I learned about DroneDeploy when researching mapping software. I wanted to see how I might be able to help a client map a protected estuary in San Diego. As a result I found DroneDeploy. I’ve used DroneDeploy to map coastal areas in San Diego for erosion and harbor seal counts. I will use DroneDeploy this fall at the Tijuana Estuary. I am working with WILDCOAST, a non-profit, protecting the estuary. We will use the mapping software to conduct a survey to find marine pollution hotspots. This is an international issue and the information we collect will be used to integrate systems to remove waste and inform policy makers and funders about the specific areas where trash is accumulating in the wetlands system.
What is your biggest challenge at the moment?
Our biggest challenge is finding affordable ways for our clients to implement drones and drone software into their research projects. Although drones are coming down in cost most of our clients are NGOs. That means they are submitting a project proposal to a funding organization. They wait for months to see if the hours of writing a grant application is accepted. There may be many rounds of this until finally one day my client receives an email with an approval or rejection for funding.
This is a painful and long process for all of us. And many times the grant funding does not supplement for the time and effort, nor the livelihood of the researcher. Conservation research is. Especially when researching oceanic wildlife - we use boats and have a crew to drive the boat and a crew to fly a drone which costs money for fuel and time. When a NGO finally gets approval of funds and makes the initial investment in a platform - upgrades in technology happen so quickly they might end up buying equipment that is outdated before they see an ROI. There’s not a huge market for NGO’s to trade in this equipment for new equipment.
Fundraising is necessary - so companies that are B-Corps really make a difference for NGO’s that research marine wildlife and our coastal areas. I advocate for corporations to do more for the NGO research community and work closely in partnership to help better understand our changing climate and world.
What advice do you have for beginners?
We love newbie drone pilots because they are ready to soak up new information. We are focused on bringing research to drone pilots. Our mission is to Stand Up For What We Stand On - and this means being good science communicators. Since we are a team of scientists, we want to make sure the most current research is available in an easy to digest platform. We love being a resource to drone pilots. So if you’re a beginner in the drone space and relate with the “do-gooder” or “eco-friendly” applications of drones we have several ways to connect and work with us.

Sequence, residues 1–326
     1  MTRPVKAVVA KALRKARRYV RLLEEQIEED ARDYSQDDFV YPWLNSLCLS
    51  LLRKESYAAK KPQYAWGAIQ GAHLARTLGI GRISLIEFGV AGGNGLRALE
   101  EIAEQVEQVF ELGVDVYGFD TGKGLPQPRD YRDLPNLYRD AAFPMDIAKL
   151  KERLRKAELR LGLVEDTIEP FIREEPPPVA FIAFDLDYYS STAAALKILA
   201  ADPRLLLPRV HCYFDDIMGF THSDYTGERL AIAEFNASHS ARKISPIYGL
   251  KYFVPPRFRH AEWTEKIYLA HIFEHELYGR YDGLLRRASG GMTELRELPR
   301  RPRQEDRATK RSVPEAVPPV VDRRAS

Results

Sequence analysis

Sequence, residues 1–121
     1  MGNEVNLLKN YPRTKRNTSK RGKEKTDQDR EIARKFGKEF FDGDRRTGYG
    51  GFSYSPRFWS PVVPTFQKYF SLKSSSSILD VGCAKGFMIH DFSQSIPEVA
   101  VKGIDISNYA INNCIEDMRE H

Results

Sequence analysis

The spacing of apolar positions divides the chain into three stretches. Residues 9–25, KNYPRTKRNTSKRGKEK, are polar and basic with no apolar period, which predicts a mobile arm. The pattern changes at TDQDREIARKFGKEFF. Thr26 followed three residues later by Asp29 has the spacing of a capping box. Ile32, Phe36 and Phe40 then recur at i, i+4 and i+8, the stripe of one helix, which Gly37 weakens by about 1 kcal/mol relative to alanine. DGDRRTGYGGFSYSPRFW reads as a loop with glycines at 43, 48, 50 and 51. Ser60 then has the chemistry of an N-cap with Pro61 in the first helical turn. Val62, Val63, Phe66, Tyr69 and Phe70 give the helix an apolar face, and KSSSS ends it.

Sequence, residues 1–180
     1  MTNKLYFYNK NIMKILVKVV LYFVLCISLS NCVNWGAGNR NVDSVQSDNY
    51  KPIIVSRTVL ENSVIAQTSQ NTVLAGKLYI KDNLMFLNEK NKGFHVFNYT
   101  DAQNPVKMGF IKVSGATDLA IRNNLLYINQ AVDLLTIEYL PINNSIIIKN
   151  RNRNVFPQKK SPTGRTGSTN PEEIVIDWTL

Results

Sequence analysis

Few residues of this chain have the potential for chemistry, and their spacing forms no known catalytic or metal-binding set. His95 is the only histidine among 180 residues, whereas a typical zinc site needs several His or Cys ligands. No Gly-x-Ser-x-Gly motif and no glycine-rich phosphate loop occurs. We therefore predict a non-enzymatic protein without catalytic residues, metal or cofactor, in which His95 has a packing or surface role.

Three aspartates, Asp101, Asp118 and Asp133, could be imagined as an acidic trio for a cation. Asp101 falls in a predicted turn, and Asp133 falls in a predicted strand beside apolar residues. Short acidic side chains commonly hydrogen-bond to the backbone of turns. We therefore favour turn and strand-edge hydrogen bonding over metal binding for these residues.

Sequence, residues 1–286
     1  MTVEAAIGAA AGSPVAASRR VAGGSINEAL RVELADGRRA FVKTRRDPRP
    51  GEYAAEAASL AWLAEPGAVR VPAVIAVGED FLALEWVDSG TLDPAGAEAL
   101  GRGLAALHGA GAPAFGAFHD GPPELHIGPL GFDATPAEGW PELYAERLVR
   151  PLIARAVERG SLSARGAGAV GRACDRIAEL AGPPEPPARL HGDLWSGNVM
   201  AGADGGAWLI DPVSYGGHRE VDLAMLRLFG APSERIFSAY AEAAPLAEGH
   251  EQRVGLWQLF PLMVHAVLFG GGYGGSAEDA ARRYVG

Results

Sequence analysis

- One thing new drone pilots and outdoor enthusiast can do is join our free Facebook Group: The Social Innovation Drone Tribe.
- We host a weekly show on Facebook Live where we talk about drones, conservation, wildlife, and project management.
- We also launched an online course for drone pilots to build flight plans that reduce wildlife disturbance, benefit humanity and green the drone footprint. In the course you get flight checklists, a Facebook community of pilots, and free monthly coaching calls.
- You can book a strategy session with me by going to our website and clicking the “work with me” tab. In a 90-minute strategy session we develop specific field checklists that help drone pilots fly safely, sustainably, ethically, and responsibly.
What is something you wish you knew as you added drones to your workflow/company?
I wish I knew more about marketing. The industry is fairly new - but reaching the target audience is difficult and can be costly for a startup. With technology at all time lows anyone can buy a drone and there are little regulations or guidelines to make drone pilots savvy at flying.
The issue for wildlife is that not everyone knows that they may be impacting wildlife when they fly.
They may think it’s a beautiful scene to show birds flying off when the drone approaches and put some meditation music for folks to watch on Facebook.
In reality, the birds that flew away may have been protecting their young in a nest from predators, and without a parent protecting the young it is vulnerable.
Other seabirds may be feeding on small shellfish in the sand during low tide. If the birds are scared away during this time of day, they have to wait until low tide comes again 12 hours later. Imagine if you had to wait 12 hours between each meal and during one meal you did not get to finish - you might be hungry and if this happens multiple times per week you would get tired, sick, and may even eventually die from the chronic stress.